Handmade or hand-selected, we're proud to support exquisite craftsmanship and specialist skills. Join us as we sit down with artisans, curators and designers in our Meet The Designer series.
London based interior stylist Anna Mackie draws on her diverse experience to create beautiful, contemporary lifestyle imagery for a portfolio of high-end clients ranging from Anthology to Lombok. Inspired by a love of materials, colour, form, and texture her work is a dramatic combination of carefully selected fabrics, sleek finishes, and moody colours. An ideal counterpoint to warehouse homes. We sit down with Anna to discuss trends, technique and what it’s really like behind the scenes of a photoshoot.
What is an Interior Stylist?
Being an interior stylist is about transforming what might be an ordinary product into an image that tells a story in a beautiful, considered and unique way. The purpose is to show the products in their best light, whilst channelling the brand or magazines vision. A stylist knows how to compose an image taking into account style, material, colour, texture, and form.
My work involves styling images for brochures, web, social media, magazines and design installations as well as displays for showrooms and exhibitions. It may look like the dream job but it requires huge ambition, determination, energy, optimism, and organisation as well as creativity. You have to be up for getting messy, doing almost anything and jumping into action the minute a job comes in. It’s sourcing the perfect props, finding the perfect location, arranging couriers, catering, accommodation, planning each set up and tiny detail to a tee, resourcing a team of set builders, photographers, and assistants and constantly liaising with the clients, upholsterers, curtain and cushion makers and prop makers to make sure everything is going to meet the deadline within budget, whatever it takes.
What type of clients do you work for?
So far my clients have mainly been luxury interior brands (wallpaper, paint, fabric, furniture, lighting, bedding, accessories) but I’ve recently started working more widely for fashion, beauty, jewellery and even food and beverage brands.
Do you have a signature style? How would you describe it?
Not really! As an interior stylist you have to work with so many different styles and by nature have to be a chameleon. If I have to pinpoint a particular look I am drawn to the most it would be a touch of mid-century, a touch of industrial-luxe.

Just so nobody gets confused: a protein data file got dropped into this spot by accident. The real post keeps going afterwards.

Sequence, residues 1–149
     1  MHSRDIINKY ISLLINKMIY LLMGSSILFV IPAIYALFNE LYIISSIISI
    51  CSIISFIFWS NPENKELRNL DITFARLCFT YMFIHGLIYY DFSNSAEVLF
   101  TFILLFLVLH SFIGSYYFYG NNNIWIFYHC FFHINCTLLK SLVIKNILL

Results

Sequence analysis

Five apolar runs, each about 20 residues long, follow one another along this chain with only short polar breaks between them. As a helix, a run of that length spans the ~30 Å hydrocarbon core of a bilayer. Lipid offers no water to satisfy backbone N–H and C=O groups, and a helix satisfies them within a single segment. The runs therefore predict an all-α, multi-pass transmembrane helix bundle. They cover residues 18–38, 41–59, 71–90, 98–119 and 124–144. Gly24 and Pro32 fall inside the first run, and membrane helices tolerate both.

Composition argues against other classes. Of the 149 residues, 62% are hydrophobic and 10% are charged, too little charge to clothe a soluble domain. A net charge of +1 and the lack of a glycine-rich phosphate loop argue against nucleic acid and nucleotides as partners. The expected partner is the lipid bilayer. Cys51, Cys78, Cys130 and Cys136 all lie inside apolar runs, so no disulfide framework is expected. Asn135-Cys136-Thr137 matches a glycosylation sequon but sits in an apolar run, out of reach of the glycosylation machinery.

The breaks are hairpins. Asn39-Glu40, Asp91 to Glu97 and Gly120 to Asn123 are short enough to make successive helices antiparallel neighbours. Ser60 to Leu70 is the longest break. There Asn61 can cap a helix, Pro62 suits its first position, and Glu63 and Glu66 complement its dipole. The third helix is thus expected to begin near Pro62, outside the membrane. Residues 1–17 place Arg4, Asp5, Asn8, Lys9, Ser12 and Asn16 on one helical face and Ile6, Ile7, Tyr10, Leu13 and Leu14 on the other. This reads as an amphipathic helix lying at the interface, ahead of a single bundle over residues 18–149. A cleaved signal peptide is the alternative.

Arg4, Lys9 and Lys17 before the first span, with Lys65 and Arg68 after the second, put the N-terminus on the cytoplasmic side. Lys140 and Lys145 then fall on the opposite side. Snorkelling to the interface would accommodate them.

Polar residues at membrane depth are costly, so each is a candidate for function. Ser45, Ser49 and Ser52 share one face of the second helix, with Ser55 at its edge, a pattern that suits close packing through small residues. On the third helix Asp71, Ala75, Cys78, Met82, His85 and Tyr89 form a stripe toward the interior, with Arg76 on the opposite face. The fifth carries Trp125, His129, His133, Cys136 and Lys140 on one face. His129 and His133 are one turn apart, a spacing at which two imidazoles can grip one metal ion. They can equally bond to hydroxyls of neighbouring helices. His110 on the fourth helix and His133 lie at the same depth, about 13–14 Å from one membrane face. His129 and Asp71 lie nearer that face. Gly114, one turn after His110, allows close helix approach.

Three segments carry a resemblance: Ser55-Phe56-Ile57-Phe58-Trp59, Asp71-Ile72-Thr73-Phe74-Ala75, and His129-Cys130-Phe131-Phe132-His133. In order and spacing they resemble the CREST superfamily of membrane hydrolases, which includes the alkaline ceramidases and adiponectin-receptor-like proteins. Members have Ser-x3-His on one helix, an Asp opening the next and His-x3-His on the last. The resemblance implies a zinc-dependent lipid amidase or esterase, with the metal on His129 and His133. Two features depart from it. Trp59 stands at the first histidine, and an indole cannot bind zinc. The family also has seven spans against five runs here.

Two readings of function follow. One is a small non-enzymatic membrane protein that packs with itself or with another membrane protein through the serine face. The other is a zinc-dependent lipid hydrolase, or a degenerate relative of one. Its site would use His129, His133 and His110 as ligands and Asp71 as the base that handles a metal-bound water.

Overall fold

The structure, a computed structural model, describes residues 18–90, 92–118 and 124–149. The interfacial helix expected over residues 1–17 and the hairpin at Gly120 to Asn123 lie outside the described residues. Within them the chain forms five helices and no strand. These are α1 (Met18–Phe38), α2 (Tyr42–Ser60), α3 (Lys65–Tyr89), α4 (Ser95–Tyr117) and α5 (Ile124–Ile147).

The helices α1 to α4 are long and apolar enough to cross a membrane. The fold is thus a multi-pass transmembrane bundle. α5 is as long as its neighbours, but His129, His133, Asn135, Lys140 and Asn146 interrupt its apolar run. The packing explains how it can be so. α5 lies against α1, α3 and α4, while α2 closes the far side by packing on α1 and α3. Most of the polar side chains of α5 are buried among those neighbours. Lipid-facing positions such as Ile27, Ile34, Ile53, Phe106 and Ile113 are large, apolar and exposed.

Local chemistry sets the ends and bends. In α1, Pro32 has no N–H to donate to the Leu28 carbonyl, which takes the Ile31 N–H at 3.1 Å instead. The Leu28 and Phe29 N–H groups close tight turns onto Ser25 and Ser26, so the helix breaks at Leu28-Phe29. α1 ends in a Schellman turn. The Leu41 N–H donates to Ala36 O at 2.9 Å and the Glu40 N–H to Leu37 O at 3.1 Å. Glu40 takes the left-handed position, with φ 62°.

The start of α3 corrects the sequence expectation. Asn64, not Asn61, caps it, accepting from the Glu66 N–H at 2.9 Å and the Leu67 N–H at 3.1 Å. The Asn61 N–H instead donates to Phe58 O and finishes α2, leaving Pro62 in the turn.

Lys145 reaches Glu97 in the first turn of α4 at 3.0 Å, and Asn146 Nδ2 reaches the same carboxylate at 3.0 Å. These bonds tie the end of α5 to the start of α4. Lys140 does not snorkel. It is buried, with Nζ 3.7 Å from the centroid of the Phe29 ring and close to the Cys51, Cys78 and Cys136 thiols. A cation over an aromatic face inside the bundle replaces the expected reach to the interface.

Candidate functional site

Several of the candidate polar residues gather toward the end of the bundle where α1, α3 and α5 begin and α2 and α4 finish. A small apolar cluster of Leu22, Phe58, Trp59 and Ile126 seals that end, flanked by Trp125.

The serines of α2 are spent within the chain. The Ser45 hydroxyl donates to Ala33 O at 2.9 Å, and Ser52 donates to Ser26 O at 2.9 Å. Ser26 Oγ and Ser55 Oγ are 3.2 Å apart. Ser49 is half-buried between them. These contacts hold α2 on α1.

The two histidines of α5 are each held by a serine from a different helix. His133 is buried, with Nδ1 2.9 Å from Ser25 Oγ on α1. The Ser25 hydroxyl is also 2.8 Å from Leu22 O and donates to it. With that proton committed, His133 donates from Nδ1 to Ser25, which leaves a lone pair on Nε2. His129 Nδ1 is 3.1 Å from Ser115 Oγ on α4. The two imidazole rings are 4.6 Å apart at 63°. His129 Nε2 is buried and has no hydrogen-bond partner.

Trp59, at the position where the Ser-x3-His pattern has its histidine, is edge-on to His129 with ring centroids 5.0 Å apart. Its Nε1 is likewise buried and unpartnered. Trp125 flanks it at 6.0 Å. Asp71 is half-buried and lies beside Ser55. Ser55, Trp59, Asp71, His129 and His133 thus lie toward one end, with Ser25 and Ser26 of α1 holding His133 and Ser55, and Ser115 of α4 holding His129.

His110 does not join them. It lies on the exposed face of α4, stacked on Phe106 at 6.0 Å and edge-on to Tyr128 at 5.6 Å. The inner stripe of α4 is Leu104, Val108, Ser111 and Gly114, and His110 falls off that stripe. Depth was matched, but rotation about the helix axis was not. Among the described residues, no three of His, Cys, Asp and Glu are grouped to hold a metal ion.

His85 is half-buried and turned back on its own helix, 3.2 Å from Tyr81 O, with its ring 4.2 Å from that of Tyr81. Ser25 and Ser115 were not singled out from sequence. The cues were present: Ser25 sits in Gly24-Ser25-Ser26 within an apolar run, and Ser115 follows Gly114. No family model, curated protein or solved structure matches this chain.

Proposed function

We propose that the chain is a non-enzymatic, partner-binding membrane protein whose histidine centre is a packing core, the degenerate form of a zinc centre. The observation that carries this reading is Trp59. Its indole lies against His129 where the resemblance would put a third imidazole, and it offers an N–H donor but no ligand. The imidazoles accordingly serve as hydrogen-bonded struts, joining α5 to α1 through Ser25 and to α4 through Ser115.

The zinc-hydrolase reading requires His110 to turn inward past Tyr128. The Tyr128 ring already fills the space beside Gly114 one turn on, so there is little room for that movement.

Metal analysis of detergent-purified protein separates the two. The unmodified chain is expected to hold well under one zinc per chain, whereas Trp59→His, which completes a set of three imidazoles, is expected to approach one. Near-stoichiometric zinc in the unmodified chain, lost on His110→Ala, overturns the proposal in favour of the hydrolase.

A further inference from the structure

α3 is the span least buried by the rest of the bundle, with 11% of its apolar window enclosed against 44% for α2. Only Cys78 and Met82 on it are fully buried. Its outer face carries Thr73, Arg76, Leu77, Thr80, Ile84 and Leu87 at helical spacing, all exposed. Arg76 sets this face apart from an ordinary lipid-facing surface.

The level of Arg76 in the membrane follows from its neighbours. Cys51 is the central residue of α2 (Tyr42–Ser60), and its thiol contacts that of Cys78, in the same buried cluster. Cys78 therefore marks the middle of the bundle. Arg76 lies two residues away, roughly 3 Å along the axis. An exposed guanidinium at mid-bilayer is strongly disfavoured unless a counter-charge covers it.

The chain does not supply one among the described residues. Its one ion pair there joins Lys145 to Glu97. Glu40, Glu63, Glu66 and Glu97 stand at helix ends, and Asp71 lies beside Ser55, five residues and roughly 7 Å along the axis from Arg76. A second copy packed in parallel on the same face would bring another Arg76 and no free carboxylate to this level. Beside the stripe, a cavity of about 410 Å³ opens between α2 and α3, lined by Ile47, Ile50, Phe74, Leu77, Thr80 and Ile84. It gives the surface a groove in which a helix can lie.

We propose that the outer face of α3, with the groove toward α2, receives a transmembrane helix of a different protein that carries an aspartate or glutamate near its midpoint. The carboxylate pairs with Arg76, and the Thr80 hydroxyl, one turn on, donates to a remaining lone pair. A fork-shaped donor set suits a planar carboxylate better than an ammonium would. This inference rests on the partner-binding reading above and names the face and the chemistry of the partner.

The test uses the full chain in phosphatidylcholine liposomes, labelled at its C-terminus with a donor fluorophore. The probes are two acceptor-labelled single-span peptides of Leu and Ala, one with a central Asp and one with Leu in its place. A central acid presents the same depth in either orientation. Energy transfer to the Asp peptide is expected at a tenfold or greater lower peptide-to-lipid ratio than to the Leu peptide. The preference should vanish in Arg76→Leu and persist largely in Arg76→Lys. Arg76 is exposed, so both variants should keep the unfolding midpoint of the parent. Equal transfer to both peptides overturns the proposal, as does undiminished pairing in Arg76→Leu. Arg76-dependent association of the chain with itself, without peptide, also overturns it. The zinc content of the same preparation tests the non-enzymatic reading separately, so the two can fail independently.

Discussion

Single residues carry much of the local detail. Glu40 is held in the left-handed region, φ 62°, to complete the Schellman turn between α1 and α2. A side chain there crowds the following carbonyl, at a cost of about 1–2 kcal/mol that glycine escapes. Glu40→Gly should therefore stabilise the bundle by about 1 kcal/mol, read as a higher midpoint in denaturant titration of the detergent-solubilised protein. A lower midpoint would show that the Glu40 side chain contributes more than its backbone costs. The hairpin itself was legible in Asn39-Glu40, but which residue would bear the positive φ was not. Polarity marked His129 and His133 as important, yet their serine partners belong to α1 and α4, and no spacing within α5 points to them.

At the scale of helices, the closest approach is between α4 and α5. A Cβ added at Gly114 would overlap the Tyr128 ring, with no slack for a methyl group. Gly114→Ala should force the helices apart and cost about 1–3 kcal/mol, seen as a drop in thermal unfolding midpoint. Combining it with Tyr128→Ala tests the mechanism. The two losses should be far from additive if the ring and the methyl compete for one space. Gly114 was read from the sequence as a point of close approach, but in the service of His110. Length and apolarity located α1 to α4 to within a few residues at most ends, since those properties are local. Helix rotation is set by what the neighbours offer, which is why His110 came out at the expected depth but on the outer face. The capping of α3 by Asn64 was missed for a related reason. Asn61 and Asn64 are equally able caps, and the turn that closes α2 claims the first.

What makes a beautiful image?
To me, it’s about the perfect combination and a juxtaposition of elements. Form, texture, material, colours, and pattern. Composition is key and changing the crop can make all the difference as can lighting. I like an element of the unexpected and to combine organic forms with manmade objects. It needs something to be a bit ‘off’ sometimes too. A little rumple in some fabric or randomly placed object often makes an image more interesting.
How did you begin working as a stylist? Tell our readers a little about your career.
I studied fashion and have worked in several different areas of the creative industries; at Net-A-Porter in shoot production, at an online magazine creating video content about art and design and at a trend forecasting agency. I was obsessed with fashion magazines from a young age and I was always intrigued by the set design and fantastical story-telling in editorial shoots and ad campaigns.
I decided to go back to uni and study Interior Design at Chelsea College of Art and at 26 that felt like a risk but I’m so glad I did it as all of the different twists and turns of my career led me to where I am now. After Chelsea, I interned and freelanced at interior design firms on both residential and commercial projects and also assisted on a number of interiors shoots. I knew I wanted to work on the creative not technical side of interiors and eventually landed a job at what is now called Style Library where I started assisting and on the styling of shoots and displays for their showrooms. I went freelance last May and haven’t looked back!
What does a typical day look like for you?
Some days are spent frantically resourcing set builders and briefing them whilst running around London propping and googling random props I need to find. Others are spent at my desk researching locations, conceptualising ideas, liaising with potential clients and PRs and updating my website and blog. If I’m prepping for a shoot I may be driving to recce a couple of locations, visiting prop houses and returning emails on my phone about all the different aspects of the shoot.
What is it like behind the scenes on a photoshoot?
Fun! Often all self-respect goes out the window as you run around a large location property sweating or are crammed into a tight space with a photographer to get the perfect angle. There’s usually lots of food, all sorts of people, hundreds of props in various shapes and sizes and a hell of a lot of bubble wrap!
Being a stylist often means you have a sneak peek at next season collections - do you have any tips for 2018 interior trends?
I think more unusual bold colour combinations are on the way. I’m loving tomato red and bright green. Darker walls are big right now, but I foresee bolder and brighter. We need it!